German paper under fire for ‘anti-Semitic’ Netanyahu Eurovision cartoon
A German newspaper apologized on Wednesday for publishing a caricature of Israeli Prime Minister Benjamin Netanyahu dressed as Eurovision winner Netta Barzilai and holding a rock with a Star of David on it.
“It can be seen as anti-Semitic,” the editor of Süddeutsche Zeitung acknowledged Wednesday after evoking outrage.
The Munich-based newspaper, one of Germany’s top dailies with a circulation of 1.1 million readers, printed the cartoon Tuesday, as Israel was being scorned worldwide for its handling of the protests on the Gaza border.
The cartoon that appeared in the opinion section, by veteran caricaturist Dieter Hanitzsch, portrayed Netanyahu with oversized ears, nose and lips and in the Eurovision logo the ‘v’ was replaced with a Star of David. “Next year in Jerusalem,” the figure is saying.
Jewish organizations, as well as publicists and activists, took to social media to protest the caricature.
One critic, Malca Goldstein Wolf, accused the newspaper and the 85-year-old cartoonist of crossing a line. “Can Israel enjoy its successful participation in a music competition without being demonized?” she wrote in an open later published on Facebook.
Netanyahu’s reaction to Netta’s win was no different from Chancellor Angela Merkel’s personal congratulations of Germany’s 2010 Eurovision winner Lena, she wrote, but his comments were depicted as political exploitation. “This is the kind of manipulative, malicious reporting that stirs up hatred of Jews.”
In a statement published Wednesday, Wolfgang Krach, editor in chief of the Süddeutsche Zeitung, stressed that the image was the subject of many discussions within and outside the editorial team.
“The cartoonist Dieter Hanitzsch says that with his depiction he only want to hint to the fact that the next Eurovision final 2019 should take place in Jerusalem.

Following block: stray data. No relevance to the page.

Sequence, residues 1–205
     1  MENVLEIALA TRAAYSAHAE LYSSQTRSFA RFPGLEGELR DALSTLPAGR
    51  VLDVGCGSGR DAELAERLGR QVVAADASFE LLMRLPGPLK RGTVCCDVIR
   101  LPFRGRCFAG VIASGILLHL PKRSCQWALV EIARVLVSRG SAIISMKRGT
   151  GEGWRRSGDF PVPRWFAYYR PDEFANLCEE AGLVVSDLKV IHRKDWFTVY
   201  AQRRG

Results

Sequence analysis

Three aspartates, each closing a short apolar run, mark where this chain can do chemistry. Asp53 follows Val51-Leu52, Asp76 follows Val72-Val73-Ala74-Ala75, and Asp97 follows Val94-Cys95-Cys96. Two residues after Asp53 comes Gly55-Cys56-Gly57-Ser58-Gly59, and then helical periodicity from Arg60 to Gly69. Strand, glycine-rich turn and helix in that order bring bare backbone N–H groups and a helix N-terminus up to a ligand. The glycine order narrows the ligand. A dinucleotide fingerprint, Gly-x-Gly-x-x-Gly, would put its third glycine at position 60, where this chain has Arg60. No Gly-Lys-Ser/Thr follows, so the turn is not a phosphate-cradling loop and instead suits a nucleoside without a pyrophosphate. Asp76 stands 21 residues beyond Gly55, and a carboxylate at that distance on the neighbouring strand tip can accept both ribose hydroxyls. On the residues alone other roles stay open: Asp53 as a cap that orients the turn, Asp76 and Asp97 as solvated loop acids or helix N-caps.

“Despite the caricaturist’s intention, one can also understand the drawing differently and take it as anti-Semitic,” he added. “Its publication was therefore a mistake, for which we apologize.”
The apology, however, did little to curb the criticism. Many pointed out that the cartoonist himself refused to retract the drawing.
“That the editorial apologized is their business. I do not apologize,” Hanitzsch told the Jewish newspaper Jüdische Allgemeine. Also that some view the image as anti-Semitic “does not affect me. I did not mean it that way. I would like to be able to criticize Netanyahu’s policy, even as a German.”
“Of course Israel may be criticized, but always: Consider the how and the effect,” stressed German-Jewish historian Michael Wolffsohn in an op-ed published Wednesday in the daily Bild. “This cartoon could have also been published in the Nazi-era propaganda tabloid Der Sturmer,” he noted.
“The dangers faced by Jews in Germany, Europe and, yes, Israel are being systematically downplayed by ‘liberals,’ leftists and ‘progressives,’ as well as the media. However, this must not lead to understatement of who is the perpetrator and who is the victim. This is inexcusable when it uses evil anti-Jewish images or words.”
In 2013, the Süddeutsche Zeitung had to pull another cartoon that was used as illustration for a review on two books on Israel, titled ‘the downfall of liberal Zionism.’ The drawing depicted Israel as the ancient god Moloch, being served breakfast in bed. The caption under the cartoon read: “Germany is serving. Israel has been given weapons for decades and partly free of charge. Israel's enemies think it is a ravenous Moloch.”
The year later, another caricature published by the newspaper was accused of being tainted by anti-Semitism: Chiding Facebook's $19 billion acquisition of Whatsapp, it portrayed founder and CEO Mark Zuckerberg as a hook-nosed octopus striving to control all computers.
The newspaper then promptly apologized on Twitter and the artist -- who claimed his source of inspiration was the kraken from the film Pirates of the Caribbean -- replaced Zuckberg’s face with a blank rectangular hole.
You need to be logged in in order to post comments. Sign up or log in
Germany will never stop been a racist nation. They hide their wickedness and anti semitism but still display it. shame on them